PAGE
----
White Paper: Synthetic Identity Fraud — Catching the Thief Who Doesn’t Exist

Topics: Digital Identity, Financial Crime, Financial Fraud & Anti-Money Laundering, Fraud, Government, Reports & White Papers, Risk Management, Thomson Reuters

synthetic id

A newly published white paper, Synthetic Identity — A New Path for Government Fraud? by author Tad Simons, asks the question: How do you catch a thief who doesn’t exist?

The paper, published by Thomson Reuters Legal, examines the growing problem of synthetic identity fraud (SIF), a relatively new form of identity theft in which criminals combine pieces of real personal data with fake information to create an entirely new identity that’s almost impossible to trace.

Unlike traditional identity fraud where someone steals a person’s actual identity, the paper explains how SIF perpetrators often begin with just a single piece of legitimate personal data, like a Social Security number, for example, and construct a full, albeit false identity around it. The perpetrators will bolster their legitimate identity data with fake address, phone numbers or other information, concocting a package that looks very much like the identity of a real person. They will then use this false identity to apply for credit, secure loans, or even fool government agencies to allow the fraudsters to intercept tax returns or types of paid benefits.

You can read the full white paper, Synthetic Identity — A New Path for Government Fraud? here.

While firm numbers on SIF losses are murky, the advisory firm Aite Group found in a May 2018 study that U.S. credit-card accounts lost $820 million in 2017 to SIF, and losses are projected to climb to $1.25 billion by 2020, according to the white paper.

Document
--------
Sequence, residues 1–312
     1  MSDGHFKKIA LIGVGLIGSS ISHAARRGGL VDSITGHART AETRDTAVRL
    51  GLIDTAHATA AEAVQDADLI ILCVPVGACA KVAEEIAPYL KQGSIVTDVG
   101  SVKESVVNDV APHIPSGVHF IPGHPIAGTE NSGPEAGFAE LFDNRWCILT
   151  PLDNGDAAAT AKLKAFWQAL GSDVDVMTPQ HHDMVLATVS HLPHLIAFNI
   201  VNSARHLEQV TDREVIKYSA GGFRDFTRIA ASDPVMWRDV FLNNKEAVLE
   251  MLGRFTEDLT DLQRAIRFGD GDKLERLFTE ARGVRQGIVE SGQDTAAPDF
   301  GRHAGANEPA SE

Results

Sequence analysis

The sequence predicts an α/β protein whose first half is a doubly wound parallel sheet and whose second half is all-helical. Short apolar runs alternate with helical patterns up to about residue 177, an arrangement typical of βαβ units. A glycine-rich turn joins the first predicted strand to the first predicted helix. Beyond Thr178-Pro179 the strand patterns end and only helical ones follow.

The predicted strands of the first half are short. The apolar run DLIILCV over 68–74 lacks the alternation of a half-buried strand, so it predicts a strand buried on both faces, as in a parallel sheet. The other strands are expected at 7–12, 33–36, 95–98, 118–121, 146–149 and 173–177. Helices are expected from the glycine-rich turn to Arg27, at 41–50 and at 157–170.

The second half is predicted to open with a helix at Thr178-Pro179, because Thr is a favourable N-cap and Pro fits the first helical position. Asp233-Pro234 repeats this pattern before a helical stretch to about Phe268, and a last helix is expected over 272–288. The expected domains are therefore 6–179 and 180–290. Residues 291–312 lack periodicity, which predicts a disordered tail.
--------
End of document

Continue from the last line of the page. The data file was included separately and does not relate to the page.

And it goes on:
Further, there are several factors the paper cites that have combined to make SIF activity a more prominent threat, leaving governments and their financial systems more vulnerable today.

As the paper points out, the growth in SIF, ironically, is partially being driven by improvements in the security behind how we use credit cards. The introduction of EMV-chip security in debit and credit cards has made it more difficult for thieves to standard identity fraud, pushing them to find more creative ways to separate consumers from their cash.

Indeed, technological developments that have made almost all financial transactions digital have created opportunity for these cyber-criminals, especially in the area of government benefits, such as Medicare and Social Security benefits. As the paper demonstrates, it’s much easier to impersonate someone online than it is in person, especially if the “person” is really a false identity made up from a mix of fake and real identity data points.